Kama La Mackerel, Artist – Montreal

(Photo: Pascha Marrow)

Kama La Mackerel is a Montreal-based Mauritian-Canadian multi-disciplinary artist, educator, writer, community-arts facilitator and literary translator who works within and across performance, photography, installations, textiles, digital art and literature. Their practice is grounded in the exploration of justice, love, healing, decoloniality, hybridity, cosmopolitanism and self- and collective-empowerment. They believe that aesthetic practices have the power to build resilience and act as resistance to the status quo, thereby enacting an anticolonial praxis through cultural production.

Kama has exhibited and performed their work internationally. Their writing in English, French and Kreol has appeared in publications both online and in print. ZOM-FAM, their debut poetry collection published by Metonymy Press was named a CBC Best Poetry Book and a Globe and Mail Best Debut Book, and was shortlisted for the QWF Concordia University First Book Award. Their exhibition Breaking the Promise of Tropical Emptiness: trans subjectivity in the Mauritian postcard is on view by appointment at Artcite Inc. until April 23.

  1. Reading contemporary Canadian literature by mostly QT/BIPOC writers

I am an avid reader. But also, as a writer, I think it is my duty to immerse myself into the words, worlds, and works of my peers and contemporaries. I find that the Canadian literary scape is particularly rich, filled with narratives of queer, trans, and BIPOC writers who are redefining what it means to write #CanLit. I think we are indebted to many independent presses for this surge of talent.

In this pile are a few of the recent outstanding titles that I had the utmost pleasure to delve into: Dominoes at Crossroads by Kaie Kellough (Esplanade Press), How to Pronounce Knife by Souvankham Thammavongsa (McClelland and Stewart), We Have Always Been Here by Samra Habib (Viking), You are eating an orange. You are naked by Sheun-King (Book*Hug Press), Noopiming: the Cure for White Ladies by Leanne Betasamosake Simpson (House of Anansi), Love After the End: an Anthology of Two-spirit & Indigiqueer Speculative Fiction edited by Joshua Whitehead (Arsenal Pulp Press) and Older Sister. Not Necessarily Related. by Jenny Heijun Wills (McClelland and Stewart).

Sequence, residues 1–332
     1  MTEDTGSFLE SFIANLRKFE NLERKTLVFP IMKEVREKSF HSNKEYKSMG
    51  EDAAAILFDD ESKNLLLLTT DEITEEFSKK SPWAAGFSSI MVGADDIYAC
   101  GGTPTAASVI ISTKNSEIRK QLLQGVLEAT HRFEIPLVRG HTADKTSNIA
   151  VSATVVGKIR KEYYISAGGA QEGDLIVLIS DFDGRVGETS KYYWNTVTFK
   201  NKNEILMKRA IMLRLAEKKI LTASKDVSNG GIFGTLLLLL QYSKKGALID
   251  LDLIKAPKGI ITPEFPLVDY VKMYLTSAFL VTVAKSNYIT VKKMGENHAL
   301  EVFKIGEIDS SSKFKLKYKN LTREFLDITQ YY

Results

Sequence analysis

1. Reading contemporary Québec literature in French

Besides reading in English, as a Francophone living in Québec and a literary translator, I also love immersing myself in contemporary Québec literature. It’s a very exciting literary world, an expansive one, with many exploration in genres. To me, the work of literary translation is a way of bridging the two literary solitudes.

Here are some recent titles that I encourage you to check out, should you want to try some Franco-Québ literature: Querelle de Roberval by Kevin Lambert (Héliotrope), La Minotaure by Marieve Maréchal (Triptyque), Désormais, ma demeure by Nicholas Dawson (Triptyque), Quand il fait triste, Bertha chante by Rodney Saint-Éloi (Québec Amérique), Là où je me terre by Caroline Dawson (Éditions du Remue-ménage) and Phototaxie by Olivia Tapiero (Mémoire d’encrier).

  1. Reading poetry!

Even though my reading interests span across genres, poetry remains my first love. Both as a writer and a performer, poetry is my primary mode of expression. I love to immerse myself in the creations of my peers, both in English and French, to discover their craft of word and voice. There is some true beauty in there that sustains me and inspires me.

Here are some titles in both languages: Un thé dans la toundra by Joséphine Bacon, Cœur yoyo by Laura Doyle Péan, N’entre pas dans mon âme avec tes chaussures by Natasha Kanapé Fontaine, Nous ne trahirons pas le poème by Rodney Saint-Éloi, La femme cent couleurs by Lorrie Jean-Louis (all published at Mémoire d’encrier), my yt mama by Mercedes Eng (Talon Books), Bittersweet by Natasha Ramoutar (Mawenzi House), Burning Sugar by cecily belle blain (Arsenal Pulp Press), and eat salt|gaze at the ocean by Junie Désil (Talon Books).

  1. Daily spiritual grounding

Outside of all of this reading, I also ground myself in daily spiritual practices. Deepening the spirit has been a way for me to work my way through ancestral healing, connecting to world views beyond that given to us by colonial structures. I do daily meditation sittings, I perform monthly full-moon rituals, and I learn to be connected to my intuition on a day-to-day basis. This practice also allows me to deepen my connection to the earth, to her energies, to the multiple gifts that she gives us as she nurtures us daily, and to further a relational, reciprocal relationship as opposed to an exploitative and transactional relationship to the earth.

  1. The meditative process of drawing

Finally, these days, I have gone back to drawing, painting, and carrying studies through detailed sketches. This is a deeply meditative process. As I go through cycles of creation, which typically end with a lot of outwards energy – producing, exhibiting, performing etc. – I tend to go back inwards in order to reconnect with myself, to listen to the parts of me that I need to grieve so that I can birth new parts of the self. These long hours of drawing and painting are always delightful, privileged moments that allow me to quiet the noise, to go inwards and listen to my own growth through my breath and heartbeat.